What to do after a PayPal Phishing Scam?
March 3, 2008 4:20 PM   Subscribe

My friend just - 30 minutes ago - entered a bunch of information in a PayPal phishing website. What should he do right now?

I looked up the other questions and see he can do a Fraud Alert, which I'll tell him about right after I ask this, but is there anything else he should do?

He gave to the website his:

Full Name
Social Security Number
Mother's Madien Name
A CC number w/ Security Code
Full Address (I guess for the CC)

I told him to call his CC and I'll show him the www.ftc.gov site.

He's nervous about what he just did, but I explained to him he can watch this post and see the answers as they come in.

posted by JulianDay to Work & Money (15 answers total) 9 users marked this as a favorite
The first things that come to mind:

1. He should login to PayPal and change his password immediately (I'm assuming he gave them that).
2. Call up the credit card company - they can issue him a replacement card with a different number, but they need to know that particular card has been compromised. It's a hassle, but then, so is dealing with identity theft.

Not sure what to do about the compromised SSN; other commenters can probably help more with that. But the first thing to do is get rid of the immediate ways he can get financially screwed: his paypal account and credit card numbers.
posted by captainawesome at 4:26 PM on March 3, 2008

put a fraud alert on the Big Three Credit Cards. Keep renewing every 90 days for awhile.
posted by 6:1 at 4:26 PM on March 3, 2008

Sorry-- Big Three Credit Bureaus.
posted by 6:1 at 4:27 PM on March 3, 2008

Contact PayPal and forward the e-mail he was sent. I would document all that he does, keep copies of e-mails, etc.. in case his identity is stolen.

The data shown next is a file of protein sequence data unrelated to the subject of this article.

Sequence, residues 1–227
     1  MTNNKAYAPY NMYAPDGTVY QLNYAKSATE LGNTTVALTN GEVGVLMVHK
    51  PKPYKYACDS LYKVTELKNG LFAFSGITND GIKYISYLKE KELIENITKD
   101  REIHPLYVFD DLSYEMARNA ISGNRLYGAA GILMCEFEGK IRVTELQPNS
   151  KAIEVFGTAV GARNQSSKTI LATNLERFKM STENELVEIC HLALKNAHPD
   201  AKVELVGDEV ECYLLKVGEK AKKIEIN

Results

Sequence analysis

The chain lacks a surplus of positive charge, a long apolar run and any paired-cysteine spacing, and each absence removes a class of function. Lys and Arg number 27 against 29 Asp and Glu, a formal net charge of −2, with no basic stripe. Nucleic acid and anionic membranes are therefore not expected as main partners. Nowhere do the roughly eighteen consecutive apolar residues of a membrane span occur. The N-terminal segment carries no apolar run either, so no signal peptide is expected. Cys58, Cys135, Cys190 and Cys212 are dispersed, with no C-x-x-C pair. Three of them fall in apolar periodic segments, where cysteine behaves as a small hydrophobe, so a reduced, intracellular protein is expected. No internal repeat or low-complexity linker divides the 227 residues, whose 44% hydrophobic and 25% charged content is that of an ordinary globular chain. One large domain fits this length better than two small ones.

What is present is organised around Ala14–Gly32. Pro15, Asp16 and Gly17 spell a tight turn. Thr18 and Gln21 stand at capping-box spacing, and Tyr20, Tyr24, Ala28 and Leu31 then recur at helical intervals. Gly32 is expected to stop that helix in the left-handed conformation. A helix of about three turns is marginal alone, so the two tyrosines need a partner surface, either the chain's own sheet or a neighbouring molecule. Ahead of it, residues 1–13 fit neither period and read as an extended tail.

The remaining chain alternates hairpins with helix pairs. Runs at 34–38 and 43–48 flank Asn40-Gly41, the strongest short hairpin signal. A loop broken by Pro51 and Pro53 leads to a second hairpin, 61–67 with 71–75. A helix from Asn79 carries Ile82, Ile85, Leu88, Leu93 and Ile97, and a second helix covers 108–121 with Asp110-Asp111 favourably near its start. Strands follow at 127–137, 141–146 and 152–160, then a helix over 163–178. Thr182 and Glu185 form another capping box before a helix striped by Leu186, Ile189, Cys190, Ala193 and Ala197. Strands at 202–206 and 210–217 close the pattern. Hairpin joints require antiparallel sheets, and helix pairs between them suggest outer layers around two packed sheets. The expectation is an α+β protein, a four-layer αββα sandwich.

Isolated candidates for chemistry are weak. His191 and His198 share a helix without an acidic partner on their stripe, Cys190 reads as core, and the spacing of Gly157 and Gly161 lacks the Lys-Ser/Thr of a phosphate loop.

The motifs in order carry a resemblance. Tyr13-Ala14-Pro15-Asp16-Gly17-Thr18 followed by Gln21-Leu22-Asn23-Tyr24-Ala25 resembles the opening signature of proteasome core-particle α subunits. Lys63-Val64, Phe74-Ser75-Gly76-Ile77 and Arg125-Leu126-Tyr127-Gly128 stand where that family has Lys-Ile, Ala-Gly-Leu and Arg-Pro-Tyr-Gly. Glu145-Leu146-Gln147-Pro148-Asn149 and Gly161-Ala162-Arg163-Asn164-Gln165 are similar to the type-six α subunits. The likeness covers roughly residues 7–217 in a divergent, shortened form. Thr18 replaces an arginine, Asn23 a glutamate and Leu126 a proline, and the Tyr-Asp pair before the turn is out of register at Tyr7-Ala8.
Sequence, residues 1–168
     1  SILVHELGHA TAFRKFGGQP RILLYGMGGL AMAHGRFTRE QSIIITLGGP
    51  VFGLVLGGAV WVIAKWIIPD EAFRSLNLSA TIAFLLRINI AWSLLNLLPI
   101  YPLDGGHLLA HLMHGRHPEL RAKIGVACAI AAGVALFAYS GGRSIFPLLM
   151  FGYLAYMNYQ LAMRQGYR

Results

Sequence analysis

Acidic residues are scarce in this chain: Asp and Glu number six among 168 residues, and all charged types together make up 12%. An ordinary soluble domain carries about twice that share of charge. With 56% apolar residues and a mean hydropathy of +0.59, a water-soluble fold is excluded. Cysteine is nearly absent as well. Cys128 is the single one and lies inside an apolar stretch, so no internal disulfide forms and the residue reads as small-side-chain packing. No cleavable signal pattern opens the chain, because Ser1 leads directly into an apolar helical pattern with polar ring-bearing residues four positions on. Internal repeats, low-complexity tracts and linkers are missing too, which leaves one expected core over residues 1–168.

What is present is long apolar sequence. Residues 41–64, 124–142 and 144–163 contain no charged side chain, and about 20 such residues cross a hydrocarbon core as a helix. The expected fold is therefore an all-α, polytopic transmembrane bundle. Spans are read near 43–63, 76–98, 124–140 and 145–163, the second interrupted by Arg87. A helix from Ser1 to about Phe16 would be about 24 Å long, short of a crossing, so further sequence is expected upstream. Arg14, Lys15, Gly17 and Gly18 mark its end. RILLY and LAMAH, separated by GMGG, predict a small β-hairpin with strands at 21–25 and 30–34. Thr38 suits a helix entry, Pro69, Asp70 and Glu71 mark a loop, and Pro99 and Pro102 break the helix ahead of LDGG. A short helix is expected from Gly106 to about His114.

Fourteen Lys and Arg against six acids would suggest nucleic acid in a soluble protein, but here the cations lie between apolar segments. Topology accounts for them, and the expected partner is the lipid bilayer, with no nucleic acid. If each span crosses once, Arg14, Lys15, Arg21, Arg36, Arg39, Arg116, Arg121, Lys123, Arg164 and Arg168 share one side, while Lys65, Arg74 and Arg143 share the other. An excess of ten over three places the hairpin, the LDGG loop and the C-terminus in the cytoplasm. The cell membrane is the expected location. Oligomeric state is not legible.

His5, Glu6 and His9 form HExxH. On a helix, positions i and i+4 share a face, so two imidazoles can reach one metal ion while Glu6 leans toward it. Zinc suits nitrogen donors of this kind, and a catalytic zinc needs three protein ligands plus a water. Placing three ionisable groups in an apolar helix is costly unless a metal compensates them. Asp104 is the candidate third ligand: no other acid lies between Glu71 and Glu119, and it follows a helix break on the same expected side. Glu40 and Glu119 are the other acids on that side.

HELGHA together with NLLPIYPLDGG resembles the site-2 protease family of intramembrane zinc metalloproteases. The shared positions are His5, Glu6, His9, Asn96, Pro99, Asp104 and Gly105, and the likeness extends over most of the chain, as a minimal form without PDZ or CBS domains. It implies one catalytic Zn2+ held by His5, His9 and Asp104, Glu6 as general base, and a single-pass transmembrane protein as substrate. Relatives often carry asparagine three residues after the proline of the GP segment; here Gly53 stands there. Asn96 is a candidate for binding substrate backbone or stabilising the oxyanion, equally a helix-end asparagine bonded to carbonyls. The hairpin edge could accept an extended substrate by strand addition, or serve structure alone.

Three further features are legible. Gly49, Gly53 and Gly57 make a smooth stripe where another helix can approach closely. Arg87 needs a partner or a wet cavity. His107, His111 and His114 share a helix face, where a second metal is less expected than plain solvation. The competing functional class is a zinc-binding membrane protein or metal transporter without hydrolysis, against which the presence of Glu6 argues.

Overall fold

posted by 6:1 at 4:29 PM on March 3, 2008

I read in some other AskMe that you can alert all of the major credit reporters (Equifax, et al) about compromised information or id theft. This way, even if the perp does apply for other credit cards or loans it won't ding you friend's score (and hopefully creditors won't be chasing after them.) Sorry, I don't have more info, but a google of id theft and credit reports should help.

Good luck!
posted by wfrgms at 4:29 PM on March 3, 2008

Oh, what 6:1 said
posted by wfrgms at 4:30 PM on March 3, 2008

He just told me he put in his Bank account number and PIN number, not his CC and security code.
posted by JulianDay at 4:31 PM on March 3, 2008

contact the bank and follow their fraud alert procedures similar to the CC company.

If you have another account with that bank, you should probably move the cash to that one. I wouldnt withdraw it all though, at least not immediatly.

Contact the bank, soon. See if they have a 24/7 hotline.
posted by T.D. Strange at 4:37 PM on March 3, 2008

1. Start with talking to Paypal to get account frozen and the account information changed.

2. Contact your credit card company and go through their process for this issue - They do have a process for this.

3. Read these articles from the FTC:


What To Do If Your Personal Information Has Been Compromised
posted by B(oYo)BIES at 4:37 PM on March 3, 2008 [6 favorites]

call the bank... but you already knew to do that...
posted by HuronBob at 4:38 PM on March 3, 2008

Get Firefox. Install the Google toolbar.

Both these things will help protect from phishing. There have been a few times where I've almost been tricked and Google's WHOA THIS IS A WEB FORGERY notice stopped me dead in my tracks.

Also, memorize this fact: None of your financial institutions will EVER EVER EVER ask you for that information, EVER. They verify your identity through obfuscated questions about previous loans and accounts elsewhere, that they have access to from your credit records.
posted by disillusioned at 5:02 PM on March 3, 2008

Call the Social Security Administration and ask them to temporarily password protect your number. 1-800-772-1213 It's a scorched earth solution (even credit reporting agencies won't be able to run a check without your permission) but it works.
posted by hojoki at 5:39 PM on March 3, 2008 [3 favorites]

The bank should be able to put a freeze on the account. That would stop all charges from automatically posting, and then they can call him each day to verify what charges (like mortgage payments and bills) should be paid. In the meantime, he can open a new account and begin setting up his bill payments and direct deposits there.
posted by saffry at 6:55 PM on March 3, 2008

Be sure to check out these previous threads regarding requesting 'fraud alerts' with banks and credit bureaus, etc.
posted by ericb at 12:19 AM on March 4, 2008

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